What is a good book?
That seems to be the question everyone thinks they have the answer to. The truth, however, is that there is no one “correct” definition. A good book truly is in the eye of the beholder. Just as there is no one correct way to write (the process of writing), there is no one correct definition for what a good book happens to be. Most of us understand that. Unfortunately, there are those (representing multiple sides of the spectrum) who believe they have the one true answer. The trouble with this is it leaves readers out of the equation and that is something we, as writers, cannot do.
Let me start by saying this is not going to turn into a debate about the Hugos. As far as I’m concerned, that is a moot point. Even though the Hugos are supposed to be a fan award, it has been made clear by some that they don’t want the every day fan included. They are trying their best to exclude anyone whose work — and maybe whose vote — doesn’t meet some arbitrary criteria of “good”. The fact there was even a proposal before the business meeting to allow the Hugo Committee to add nominees to the list if they felt there weren’t enough quality nominations proves that. Such an act smacks of telling fans they aren’t good enough or sophisticated enough to know what a good book is. My only question to the Hugo Committee and those who have continued to try to keep voters away from the process is why they don’t just amend the rules and make the Hugo a juried award? That way they can do whatever they want with the award without having to deal with the unwashed masses of readers who still foolishly think their opinion might matter.
Okay, I had to go there. Sorry. But that is all I’m going to say about the Hugos.
So what does make a good book? As I said in the first paragraph, there is no absolutely correct answer. Some readers want character driven stories. Others want plot driven. Some want literary works while others want pulp. Some want lots of sex and others want no sex, no matter what the genre. Once, all these diverse likes and dislikes meant all an author could do was trust his agent and publisher to accurately predict what the reading public would buy.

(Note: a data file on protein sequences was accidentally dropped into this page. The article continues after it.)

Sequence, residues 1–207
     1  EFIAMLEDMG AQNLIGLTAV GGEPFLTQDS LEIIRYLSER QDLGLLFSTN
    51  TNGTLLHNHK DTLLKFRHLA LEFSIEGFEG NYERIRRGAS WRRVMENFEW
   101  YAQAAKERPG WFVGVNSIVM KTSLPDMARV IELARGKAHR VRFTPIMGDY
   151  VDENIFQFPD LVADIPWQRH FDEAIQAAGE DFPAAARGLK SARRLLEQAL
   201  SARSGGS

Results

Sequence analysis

But now, with indie going strong (despite what a certain person who has received a government grant to write a book and has yet to do so), we aren’t as limited as we once were. We can write what we believe is a good book and leave it to the public to let us know if they liked it or not. What a lot of us are finding is that the books we couldn’t get past the front door of an agency now sell quite well as an indie publication. We can write the stories we want to and, as long as we pay attention to our reviews and what our fans say on social media and via email, we can build a career. Yes, there are benefits to traditional publishing but those benefits are lessening with the passage of time.
So, what is a good book?
It is a book that readers want to read. As a writer, it means knowing your target audience and hitting the cues they want. It means hooking the reader quickly and keeping them interested. It means giving them a story they want to talk about to their friends and family. It means entertaining and if you happen to educate a little along the way, more power to you.
What it doesn’t mean is preaching to your audience to the point they lose interest in the story. A skilled storyteller is a craftsman who can intertwine story and character and lesson all in one without beating the reader over the head with the message. I don’t know about you, but I will think about the message a lot more if it is subtle than I will if it is in my face.